Abstract and Keywords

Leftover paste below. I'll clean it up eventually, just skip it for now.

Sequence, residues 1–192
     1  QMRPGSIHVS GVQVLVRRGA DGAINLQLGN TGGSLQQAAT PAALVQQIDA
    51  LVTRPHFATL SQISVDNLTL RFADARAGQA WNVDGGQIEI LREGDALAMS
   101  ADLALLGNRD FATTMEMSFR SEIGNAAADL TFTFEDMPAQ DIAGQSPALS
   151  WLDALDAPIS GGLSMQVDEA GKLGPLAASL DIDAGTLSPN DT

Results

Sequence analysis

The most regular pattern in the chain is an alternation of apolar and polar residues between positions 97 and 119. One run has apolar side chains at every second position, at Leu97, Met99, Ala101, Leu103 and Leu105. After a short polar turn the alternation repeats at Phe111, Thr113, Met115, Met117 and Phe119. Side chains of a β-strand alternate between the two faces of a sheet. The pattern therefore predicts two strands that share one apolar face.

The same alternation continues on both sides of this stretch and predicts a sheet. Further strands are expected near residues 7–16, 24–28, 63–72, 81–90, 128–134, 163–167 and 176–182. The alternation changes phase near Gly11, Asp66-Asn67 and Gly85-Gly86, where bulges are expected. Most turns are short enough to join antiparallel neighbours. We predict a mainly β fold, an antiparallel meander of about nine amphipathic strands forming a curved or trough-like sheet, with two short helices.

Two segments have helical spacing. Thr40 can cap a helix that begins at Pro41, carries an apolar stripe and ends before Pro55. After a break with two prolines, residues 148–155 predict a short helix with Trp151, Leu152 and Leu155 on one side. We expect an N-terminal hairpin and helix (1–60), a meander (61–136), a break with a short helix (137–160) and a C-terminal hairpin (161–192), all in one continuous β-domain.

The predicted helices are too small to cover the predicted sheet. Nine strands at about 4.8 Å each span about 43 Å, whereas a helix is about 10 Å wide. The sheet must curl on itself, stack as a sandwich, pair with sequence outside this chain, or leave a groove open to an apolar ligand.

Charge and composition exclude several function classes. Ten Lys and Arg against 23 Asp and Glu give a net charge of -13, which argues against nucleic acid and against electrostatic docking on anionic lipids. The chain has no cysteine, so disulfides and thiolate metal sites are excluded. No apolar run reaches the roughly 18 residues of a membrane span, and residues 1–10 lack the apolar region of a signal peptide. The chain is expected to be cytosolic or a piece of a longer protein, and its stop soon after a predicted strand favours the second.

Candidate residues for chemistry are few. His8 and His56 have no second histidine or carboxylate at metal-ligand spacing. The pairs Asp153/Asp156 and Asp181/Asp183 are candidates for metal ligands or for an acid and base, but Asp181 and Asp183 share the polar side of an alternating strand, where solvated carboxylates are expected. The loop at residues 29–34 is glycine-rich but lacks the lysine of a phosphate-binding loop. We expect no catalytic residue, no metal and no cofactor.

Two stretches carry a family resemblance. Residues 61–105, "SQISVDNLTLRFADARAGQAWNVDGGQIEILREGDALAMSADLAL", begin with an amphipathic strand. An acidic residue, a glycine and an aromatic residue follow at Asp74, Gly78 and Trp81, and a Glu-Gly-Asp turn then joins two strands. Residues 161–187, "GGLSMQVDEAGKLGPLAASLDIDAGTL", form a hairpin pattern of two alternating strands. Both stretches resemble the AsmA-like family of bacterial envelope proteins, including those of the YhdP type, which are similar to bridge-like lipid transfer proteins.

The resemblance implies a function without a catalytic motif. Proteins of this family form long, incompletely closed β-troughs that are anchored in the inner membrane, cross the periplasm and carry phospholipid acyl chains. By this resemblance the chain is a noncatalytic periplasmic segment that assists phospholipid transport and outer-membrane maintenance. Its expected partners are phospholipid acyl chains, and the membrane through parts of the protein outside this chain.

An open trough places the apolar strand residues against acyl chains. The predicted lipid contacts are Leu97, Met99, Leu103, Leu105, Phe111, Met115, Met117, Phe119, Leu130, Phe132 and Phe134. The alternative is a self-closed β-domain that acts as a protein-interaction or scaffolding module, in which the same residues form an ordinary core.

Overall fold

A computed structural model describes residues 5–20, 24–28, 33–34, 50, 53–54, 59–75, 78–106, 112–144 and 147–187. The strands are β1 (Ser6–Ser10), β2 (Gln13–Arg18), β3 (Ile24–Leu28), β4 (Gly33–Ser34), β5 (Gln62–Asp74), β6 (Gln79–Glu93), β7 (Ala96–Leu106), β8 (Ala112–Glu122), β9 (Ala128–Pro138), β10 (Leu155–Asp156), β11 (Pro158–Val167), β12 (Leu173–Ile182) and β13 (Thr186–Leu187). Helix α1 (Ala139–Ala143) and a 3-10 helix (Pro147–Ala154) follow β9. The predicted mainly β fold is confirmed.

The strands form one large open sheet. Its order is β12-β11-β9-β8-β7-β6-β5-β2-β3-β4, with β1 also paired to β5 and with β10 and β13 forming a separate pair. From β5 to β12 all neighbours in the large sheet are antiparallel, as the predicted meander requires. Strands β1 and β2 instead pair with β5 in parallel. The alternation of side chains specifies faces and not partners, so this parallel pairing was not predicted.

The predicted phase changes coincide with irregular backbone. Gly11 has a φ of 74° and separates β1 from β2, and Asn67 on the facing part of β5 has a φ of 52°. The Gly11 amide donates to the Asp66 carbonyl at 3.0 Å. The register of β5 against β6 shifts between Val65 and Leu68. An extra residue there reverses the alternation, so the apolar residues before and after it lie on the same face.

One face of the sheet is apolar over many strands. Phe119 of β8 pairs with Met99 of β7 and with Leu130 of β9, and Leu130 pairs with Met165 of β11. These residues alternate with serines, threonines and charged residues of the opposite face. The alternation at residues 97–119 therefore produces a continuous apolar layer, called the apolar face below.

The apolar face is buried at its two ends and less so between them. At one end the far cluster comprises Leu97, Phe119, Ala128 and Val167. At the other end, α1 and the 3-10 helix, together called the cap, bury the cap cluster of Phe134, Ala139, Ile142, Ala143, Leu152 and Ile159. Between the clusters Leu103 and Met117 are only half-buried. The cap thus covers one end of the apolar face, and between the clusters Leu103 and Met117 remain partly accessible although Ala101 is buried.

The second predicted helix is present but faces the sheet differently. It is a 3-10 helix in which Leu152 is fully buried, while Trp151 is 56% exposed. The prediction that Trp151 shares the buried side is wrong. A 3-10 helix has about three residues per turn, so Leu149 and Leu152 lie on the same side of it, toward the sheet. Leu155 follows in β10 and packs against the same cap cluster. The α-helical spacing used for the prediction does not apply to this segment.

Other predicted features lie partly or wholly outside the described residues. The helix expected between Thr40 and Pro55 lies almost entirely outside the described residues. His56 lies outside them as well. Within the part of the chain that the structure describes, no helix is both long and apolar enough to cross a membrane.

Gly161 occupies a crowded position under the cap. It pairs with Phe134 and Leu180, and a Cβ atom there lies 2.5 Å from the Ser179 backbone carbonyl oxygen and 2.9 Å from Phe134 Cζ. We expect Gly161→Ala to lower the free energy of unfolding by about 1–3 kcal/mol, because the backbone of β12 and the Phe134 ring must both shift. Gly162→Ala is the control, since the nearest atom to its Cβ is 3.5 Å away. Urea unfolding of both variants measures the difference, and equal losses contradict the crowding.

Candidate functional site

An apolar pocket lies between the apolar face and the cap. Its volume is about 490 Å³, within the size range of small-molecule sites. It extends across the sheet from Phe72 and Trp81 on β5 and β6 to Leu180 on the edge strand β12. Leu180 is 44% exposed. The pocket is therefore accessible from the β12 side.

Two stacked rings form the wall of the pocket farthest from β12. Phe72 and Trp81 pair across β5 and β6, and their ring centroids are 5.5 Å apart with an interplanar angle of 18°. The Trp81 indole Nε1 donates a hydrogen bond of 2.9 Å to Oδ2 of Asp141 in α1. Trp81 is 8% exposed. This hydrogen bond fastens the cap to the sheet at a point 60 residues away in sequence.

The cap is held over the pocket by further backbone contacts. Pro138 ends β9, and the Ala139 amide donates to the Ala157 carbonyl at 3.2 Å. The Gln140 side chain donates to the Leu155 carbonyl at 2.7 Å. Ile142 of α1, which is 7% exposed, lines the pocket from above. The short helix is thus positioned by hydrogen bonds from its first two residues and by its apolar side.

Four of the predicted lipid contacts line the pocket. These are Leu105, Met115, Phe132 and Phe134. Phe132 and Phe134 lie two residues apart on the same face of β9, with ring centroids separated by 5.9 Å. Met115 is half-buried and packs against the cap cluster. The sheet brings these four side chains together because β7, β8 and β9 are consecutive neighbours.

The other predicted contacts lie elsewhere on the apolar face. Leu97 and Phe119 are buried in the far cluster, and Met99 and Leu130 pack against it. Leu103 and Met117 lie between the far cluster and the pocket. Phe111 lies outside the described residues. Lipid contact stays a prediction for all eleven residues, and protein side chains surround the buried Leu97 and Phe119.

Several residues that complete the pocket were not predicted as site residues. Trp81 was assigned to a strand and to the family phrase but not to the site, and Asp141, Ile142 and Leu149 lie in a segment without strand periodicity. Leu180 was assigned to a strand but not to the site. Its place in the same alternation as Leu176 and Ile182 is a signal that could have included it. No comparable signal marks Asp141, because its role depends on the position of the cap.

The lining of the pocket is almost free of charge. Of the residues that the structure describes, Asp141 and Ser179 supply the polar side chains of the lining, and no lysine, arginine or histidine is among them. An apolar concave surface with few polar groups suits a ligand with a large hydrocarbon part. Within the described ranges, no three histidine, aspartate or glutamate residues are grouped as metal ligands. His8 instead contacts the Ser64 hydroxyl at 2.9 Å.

The house is arguably the most significant material-culture category in anthropology and archaeology. In archaeology, house-centred approaches are popular because through the house and its associated features, the house represents a living entity, produced through past routines and practices. The focus of household archaeology is the realm of the domestic social group, which does not always imply the excavation of houses per se but stretches into other fields of social and community activity. This article suggests that the household archaeology of the pre-Columbian Caribbean is an area ripe for development. Both theoretically and methodologically, the development of household-level research questions and extensive excavation has the potential to make significant advances in understanding of the social and cultural dynamics of the earliest to the latest pre-Columbian communities.
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